Tuesday, August 19, 2008


The 42nd Ode, which we quoted in a previous post, belongs in substance to a large and greatly neglected body of ancient literature dealing with Christ's descent into Sheol, or the world of the dead, after His crucifixion. The early Christians had an answer to the question of whether the blessings of salvation in Christ are available to the billions of Father's children, who have died not having heard or known of the Gospel plan, its principles and ordinances. Blessed be the name of the Lord, the answer is affirmative.

The fundamental principles of the Gospel are faith in Jesus Christ, repentance, baptism for the remission of sins and confirmation for the reception of the Holy Spirit by the laying on of hands. Jesus taught Nicodemus that "Except a man be born of water and of the Spirit, he cannot enter into the kingdom of God." (John 3:5). That teaching raises the question, what of that super-majority of the descendants of Adam and Eve who have passed through mortality without an opportunity to receive the ordinances of baptism and confirmation, which Christ taught are a necessary precondition to one being able to enter the kingdom of God? Most who have lived upon the earth have never been acquainted with the doctrines of Christ. How does that square with our notions of the justice of God?

The early Christians believed and taught that Jesus, between the time of His death and resurrection, entered the vast world of spirits and inaugurated a great work of redemption there, preaching the good news to our ancestors and opening the way for their salvation.

The Chief Apostle Peter referred to Christ's work among the dead:

For Christ also hath once suffered for sins, the just for the unjust, that he might bring us to God, being put to death in the flesh, but quickened by the Spirit:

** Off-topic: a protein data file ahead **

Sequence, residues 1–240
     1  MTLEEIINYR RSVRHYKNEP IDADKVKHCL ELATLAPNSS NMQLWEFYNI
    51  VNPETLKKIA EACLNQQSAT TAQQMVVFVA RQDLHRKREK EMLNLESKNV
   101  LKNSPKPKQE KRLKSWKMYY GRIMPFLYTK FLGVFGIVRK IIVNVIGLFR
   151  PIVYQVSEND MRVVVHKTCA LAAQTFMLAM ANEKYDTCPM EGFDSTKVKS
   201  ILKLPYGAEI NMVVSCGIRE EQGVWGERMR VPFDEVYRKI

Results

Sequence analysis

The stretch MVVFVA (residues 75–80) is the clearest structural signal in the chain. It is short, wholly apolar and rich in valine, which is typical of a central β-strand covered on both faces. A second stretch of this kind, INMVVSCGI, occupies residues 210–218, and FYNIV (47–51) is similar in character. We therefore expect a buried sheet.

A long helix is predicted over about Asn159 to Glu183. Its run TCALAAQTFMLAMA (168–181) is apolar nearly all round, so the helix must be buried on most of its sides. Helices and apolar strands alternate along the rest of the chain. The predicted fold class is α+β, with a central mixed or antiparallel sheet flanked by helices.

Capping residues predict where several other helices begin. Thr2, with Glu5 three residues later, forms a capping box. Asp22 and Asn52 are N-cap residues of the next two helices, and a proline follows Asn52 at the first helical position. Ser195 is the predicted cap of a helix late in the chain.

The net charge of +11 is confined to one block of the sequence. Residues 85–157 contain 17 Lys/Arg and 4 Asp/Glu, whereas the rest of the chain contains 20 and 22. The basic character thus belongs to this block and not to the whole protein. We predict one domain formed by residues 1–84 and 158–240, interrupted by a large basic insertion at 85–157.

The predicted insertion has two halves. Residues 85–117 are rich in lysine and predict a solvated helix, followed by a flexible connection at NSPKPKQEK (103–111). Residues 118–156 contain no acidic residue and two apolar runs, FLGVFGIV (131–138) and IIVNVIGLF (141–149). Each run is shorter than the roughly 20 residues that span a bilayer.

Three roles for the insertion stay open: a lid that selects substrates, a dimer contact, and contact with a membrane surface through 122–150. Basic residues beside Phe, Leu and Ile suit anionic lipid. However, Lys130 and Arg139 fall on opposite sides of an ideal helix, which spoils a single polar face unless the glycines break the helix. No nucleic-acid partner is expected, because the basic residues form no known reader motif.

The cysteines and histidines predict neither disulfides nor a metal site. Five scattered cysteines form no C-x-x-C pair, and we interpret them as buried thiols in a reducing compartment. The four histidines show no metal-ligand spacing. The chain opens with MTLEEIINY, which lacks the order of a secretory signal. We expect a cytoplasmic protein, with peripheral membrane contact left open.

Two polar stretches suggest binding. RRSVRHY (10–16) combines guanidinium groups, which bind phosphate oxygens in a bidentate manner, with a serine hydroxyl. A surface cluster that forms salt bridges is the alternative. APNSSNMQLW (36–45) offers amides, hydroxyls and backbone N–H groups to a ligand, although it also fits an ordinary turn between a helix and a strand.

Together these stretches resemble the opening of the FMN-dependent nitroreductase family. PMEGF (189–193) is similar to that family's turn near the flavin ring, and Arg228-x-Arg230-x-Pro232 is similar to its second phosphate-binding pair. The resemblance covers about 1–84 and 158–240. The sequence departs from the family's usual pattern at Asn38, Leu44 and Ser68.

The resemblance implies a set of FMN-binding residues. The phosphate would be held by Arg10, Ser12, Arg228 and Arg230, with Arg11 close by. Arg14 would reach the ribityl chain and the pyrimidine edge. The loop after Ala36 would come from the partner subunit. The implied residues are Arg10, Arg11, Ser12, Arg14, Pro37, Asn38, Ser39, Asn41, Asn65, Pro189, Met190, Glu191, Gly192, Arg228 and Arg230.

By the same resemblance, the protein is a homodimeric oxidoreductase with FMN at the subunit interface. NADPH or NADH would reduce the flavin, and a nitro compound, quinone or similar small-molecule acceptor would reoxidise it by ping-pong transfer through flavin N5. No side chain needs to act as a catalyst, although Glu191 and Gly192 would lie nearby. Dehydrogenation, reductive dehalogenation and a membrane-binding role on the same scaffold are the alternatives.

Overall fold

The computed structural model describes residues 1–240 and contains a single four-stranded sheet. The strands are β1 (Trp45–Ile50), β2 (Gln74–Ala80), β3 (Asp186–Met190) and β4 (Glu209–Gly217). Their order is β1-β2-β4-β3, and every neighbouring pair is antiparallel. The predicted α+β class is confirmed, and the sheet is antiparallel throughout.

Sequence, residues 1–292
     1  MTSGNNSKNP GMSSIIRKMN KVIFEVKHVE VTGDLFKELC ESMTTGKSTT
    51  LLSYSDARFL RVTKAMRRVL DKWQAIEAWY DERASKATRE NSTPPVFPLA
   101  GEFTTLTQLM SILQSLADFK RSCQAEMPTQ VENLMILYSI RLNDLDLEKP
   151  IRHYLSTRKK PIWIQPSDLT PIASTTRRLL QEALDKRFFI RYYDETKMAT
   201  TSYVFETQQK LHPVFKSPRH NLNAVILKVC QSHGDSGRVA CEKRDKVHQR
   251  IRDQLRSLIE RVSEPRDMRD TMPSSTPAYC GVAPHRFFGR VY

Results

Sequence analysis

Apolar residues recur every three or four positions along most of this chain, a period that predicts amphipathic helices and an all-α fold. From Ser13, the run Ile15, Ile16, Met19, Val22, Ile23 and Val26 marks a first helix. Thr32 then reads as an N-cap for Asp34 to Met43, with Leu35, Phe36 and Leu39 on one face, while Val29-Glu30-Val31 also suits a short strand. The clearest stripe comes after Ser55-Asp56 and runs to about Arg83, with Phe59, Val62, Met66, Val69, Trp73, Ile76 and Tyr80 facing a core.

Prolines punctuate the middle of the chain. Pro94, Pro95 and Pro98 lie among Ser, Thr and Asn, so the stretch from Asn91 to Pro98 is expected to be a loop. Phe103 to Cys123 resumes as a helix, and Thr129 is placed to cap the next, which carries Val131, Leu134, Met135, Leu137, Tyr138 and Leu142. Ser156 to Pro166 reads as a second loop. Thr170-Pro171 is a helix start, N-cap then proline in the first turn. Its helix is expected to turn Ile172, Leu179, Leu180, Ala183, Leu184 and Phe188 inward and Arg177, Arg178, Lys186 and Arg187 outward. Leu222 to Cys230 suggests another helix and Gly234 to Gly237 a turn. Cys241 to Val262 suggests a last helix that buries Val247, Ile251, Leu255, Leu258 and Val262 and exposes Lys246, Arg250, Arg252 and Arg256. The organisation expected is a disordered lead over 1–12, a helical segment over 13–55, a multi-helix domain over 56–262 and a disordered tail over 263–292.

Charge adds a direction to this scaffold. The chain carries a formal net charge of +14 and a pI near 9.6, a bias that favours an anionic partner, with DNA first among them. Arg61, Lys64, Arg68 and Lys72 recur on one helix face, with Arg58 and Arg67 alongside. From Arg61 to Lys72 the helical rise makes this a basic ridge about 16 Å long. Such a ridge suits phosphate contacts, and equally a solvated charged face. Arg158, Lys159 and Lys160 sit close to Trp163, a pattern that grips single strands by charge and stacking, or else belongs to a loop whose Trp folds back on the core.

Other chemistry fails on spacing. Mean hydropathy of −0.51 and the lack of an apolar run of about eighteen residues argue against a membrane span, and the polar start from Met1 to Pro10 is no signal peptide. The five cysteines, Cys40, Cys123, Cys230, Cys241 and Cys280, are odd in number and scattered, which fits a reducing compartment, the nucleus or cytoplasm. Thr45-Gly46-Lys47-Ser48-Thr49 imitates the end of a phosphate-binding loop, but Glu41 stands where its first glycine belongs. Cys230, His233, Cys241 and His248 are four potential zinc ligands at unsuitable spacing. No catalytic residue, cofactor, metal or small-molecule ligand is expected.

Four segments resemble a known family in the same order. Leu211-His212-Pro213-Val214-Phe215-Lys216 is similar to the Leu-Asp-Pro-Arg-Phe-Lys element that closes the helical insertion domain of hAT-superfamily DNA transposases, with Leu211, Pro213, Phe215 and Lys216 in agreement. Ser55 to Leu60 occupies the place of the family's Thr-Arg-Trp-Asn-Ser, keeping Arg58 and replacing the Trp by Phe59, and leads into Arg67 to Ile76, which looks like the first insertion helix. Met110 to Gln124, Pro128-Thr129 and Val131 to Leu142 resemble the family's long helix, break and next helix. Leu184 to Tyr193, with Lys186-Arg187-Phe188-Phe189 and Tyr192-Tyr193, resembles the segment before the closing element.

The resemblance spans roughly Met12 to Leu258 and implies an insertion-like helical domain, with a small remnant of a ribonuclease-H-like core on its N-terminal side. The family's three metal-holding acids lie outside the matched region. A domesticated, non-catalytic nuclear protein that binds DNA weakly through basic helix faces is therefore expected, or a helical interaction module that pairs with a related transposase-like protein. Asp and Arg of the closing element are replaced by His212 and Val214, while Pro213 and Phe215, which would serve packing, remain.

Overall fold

By which also he went and preached unto the spirits in prison;
Which sometime were disobedient, when once the longsuffering of God waited in the days of Noah, while the ark was a preparing, wherein few, that is, eight souls were saved by water. (1 Peter 3:18-20)

For for this cause was the gospel preached also to them that are dead, that they might be judged according to men in the flesh, but live according to God in the spirit. (1 Peter 4:6)

To quote from the 42nd Ode, "And I made a congregation of living men amongst his dead men, and I spake with them by living lips, because my word shall not be void." What word of Christ would not be void? The promise contained in John 5:25 and elsewhere, "Verily, verily, I say unto you, the hour is coming, and now is, when the dead shall hear the voice of the Son of God: and they that hear shall live." This is such an essential and hopeful teaching! Sadly, it has been forgotten or ignored through the ages, leading to many errors in doctrine. The Gospel of Jesus Christ reaches every generation and every nation, if not in mortality then in the realm of spirits. No one of Father's children is denied the blessings of Christ's redemption because of the time and place of their mortal lives. The Lord has and will save all who will adhere to His word, whether in this life or the next.

In a post to come, I will quote from other ancient writers on this important subject.


Ethan VS said...

Dad, I just read through all 100 of your gopher cartoons, and now I demand 100 pieces of bubble gum!

"Rare footage" is genius, and applies to this artist I know who always hides the feet of his characters behind smoke, not being very confident in his foot-drawing abilities! I love that pun.

I laughed or chuckled at 40% of them, which is a darned good average for three panel gag strips. Really impressive. If you had a good cartoonist like Noah redraw them, they'd be publishable.

BTW, I know this doesn't have much to do with Odes of Solomon, but you don't have a comment section for your cartoons.

Your son wishes you well,

Jenna Consolo said...

Great post, Dad! Nice to have you back.